- The Washington Times - Thursday, March 4, 2004

ANO NUEVO STATE RESERVE, Calif. — I had heard about the elephant seals for years, but I never thought I would get a chance to see them. The sign on California’s coastal highway always seems to read “Seal Walks Full.”

For three months each year, 50,000 humans and thousands of seals come face to face on the dunes at Ano Nuevo, a spit of land 55 miles south of San Francisco. It is one of just a handful of places where the once-rare species hauls out of the sea.

As it turns out, getting a spot on one of the tours isn’t so difficult after all — with a quick Internet search and a phone call, I was able to get reservations at the peak of the season just a month in advance.

The secret, of course, was settling for a weekday — my wife, older son and nephew would have to play hooky with me. It was more than worth it.

The reserve is a pleasant and very scenic one-hour drive from San Francisco along state Highway 1. Because no food is allowed during the three-mile hike through the dunes, we got sandwiches at San Benito House in Half Moon Bay, one of our favorite haunts, and ate them in the car.

Past fields of artichokes and flowers and stunning cliff-side views of the Pacific, we pulled into a parking lot full of buses on school field trips, briefly panicking that tourists would outnumber the seals.

This preserve seems quite well-managed, however — thanks to 230 volunteer naturalists who carefully lead a dozen people at a time over the dunes and between packs of seals, we humans hardly noticed one another as we joined their awesome pinniped party.

As we learned from our docent, elephant seals are a solitary species, roaming thousands of miles across the Pacific and returning to the same stretch of sand twice a year.

At sea, they’re bottom feeders, diving for as long as an hour to catch the 100 pounds of fish they need each day. On the beach, the adults spend weeks without eating or drinking.

What they lack in food they make up for in drama — grunting, groaning, roiling masses of seal flesh that thrive in complete indifference to the human observers walking as close as 25 feet away.

Bull seals weighing up to two tons each establish harems, then shove them aside to scare away other males in bloody, chest-biting fights. Females give birth and spend just 28 days giving milk and nurturing their pups, which quadruple in size, growing to as much as 300 pounds. Then they abandon their young and give in to the males before returning to the sea.

We could hear this spectacle long before we could see it — the guttural call of the bulls and the higher-pitched trilling and yelping of the females carried for more than a mile over the dunes.

Once we got closer, we could see sea gulls swarming for afterbirth, and bleating newborns meeting their mothers nose to nose. Such encounters help females identify their young among all the other seals — a must, as pups that get separated quickly weaken and die.

Elephant seal meat apparently is none too appealing, and their fur feels like cheap Astroturf. Yet they were hunted for their blubber in the 19th century, until just 50 were left. Since becoming protected, the population has rebounded to more than 200,000, but scientists remain concerned that with such a small gene pool, one disease could wipe them out.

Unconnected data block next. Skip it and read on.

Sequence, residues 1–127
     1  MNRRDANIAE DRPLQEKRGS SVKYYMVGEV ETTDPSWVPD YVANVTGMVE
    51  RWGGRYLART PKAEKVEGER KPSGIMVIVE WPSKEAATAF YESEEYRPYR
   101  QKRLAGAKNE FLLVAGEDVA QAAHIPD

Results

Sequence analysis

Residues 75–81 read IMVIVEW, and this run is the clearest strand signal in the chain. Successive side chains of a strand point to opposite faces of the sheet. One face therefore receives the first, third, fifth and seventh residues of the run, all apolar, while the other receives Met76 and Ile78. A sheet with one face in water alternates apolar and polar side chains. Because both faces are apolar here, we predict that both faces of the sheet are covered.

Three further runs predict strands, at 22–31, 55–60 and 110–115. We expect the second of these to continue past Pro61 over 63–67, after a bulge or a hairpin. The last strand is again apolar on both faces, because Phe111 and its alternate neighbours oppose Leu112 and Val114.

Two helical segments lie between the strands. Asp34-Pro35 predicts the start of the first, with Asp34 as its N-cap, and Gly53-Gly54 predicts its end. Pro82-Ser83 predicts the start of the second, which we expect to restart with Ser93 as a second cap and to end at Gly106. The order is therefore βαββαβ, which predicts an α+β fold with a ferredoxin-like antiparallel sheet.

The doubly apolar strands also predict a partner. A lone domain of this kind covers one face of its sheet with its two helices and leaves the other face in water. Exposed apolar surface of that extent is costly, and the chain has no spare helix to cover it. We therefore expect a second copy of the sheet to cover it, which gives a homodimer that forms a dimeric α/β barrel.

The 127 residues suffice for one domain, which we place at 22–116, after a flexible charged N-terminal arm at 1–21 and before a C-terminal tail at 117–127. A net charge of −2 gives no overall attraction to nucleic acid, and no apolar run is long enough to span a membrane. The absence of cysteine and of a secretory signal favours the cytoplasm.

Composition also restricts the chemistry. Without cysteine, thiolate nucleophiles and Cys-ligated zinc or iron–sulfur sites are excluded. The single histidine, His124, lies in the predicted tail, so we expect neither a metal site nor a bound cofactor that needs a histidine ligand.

The Ano Nuevo colony has grown to about 6,000 seals, according to the yearly census, and it’s the only place along the California coast where people can walk among them on naturalist-guided tours. Another California colony, near San Luis Obispo, which can be viewed from a bluff-top ridge, has grown from several seals in 1990 to more than 7,000 today.

Demand for the tours at Ano Nuevo is so great from Dec. 15 to March 31 that weekend slots sell out eight weeks in advance, hours after they become available, and many unhappy visitors get turned away.

Nevertheless, amazing seal encounters can be had year round. From April through November, visitors can hike out on their own after picking up a free permit at the entrance to the preserve.

From late March to May, hundreds of weaned pups remain behind, learning to swim in the tide pools before dashing past hungry sharks to the open ocean. In May and June, females return to molt, followed by the males in July and August. September through November is when the juvenile bulls hit the beach to see who’s boss.

The preserve’s natural history museum also is worth a lingering visit — it has seal skulls, stuffed animals and birds, historical photos and detailed information about local wildlife and history. There’s also a monitor showing real-time television images of seals lounging on Ano Nuevo Island, a former lighthouse station just offshore that is part of the preserve. Thanks to the solar-powered Seal Cam, anyone with a computer can get the same seal fix online, at www.anonuevo.org.

• • •

From Dec. 15 to March 31, guided tours leave every 15 minutes, sharp, rain or shine. Plan to arrive early — no substitutions or delays are allowed. For reservations, call 800/444-4445 and pay $4 a person by credit card. From April to November, free permits are available at the gate. For more information, call 650/879-0227 or visit www.parks.ca.gov.

Hiking the dunes with small children can be strenuous; the weather can be unpredictable, and no strollers are allowed. That’s why we left our 3-year-old behind. For older, high-energy children, the experience proves well worth the trip.

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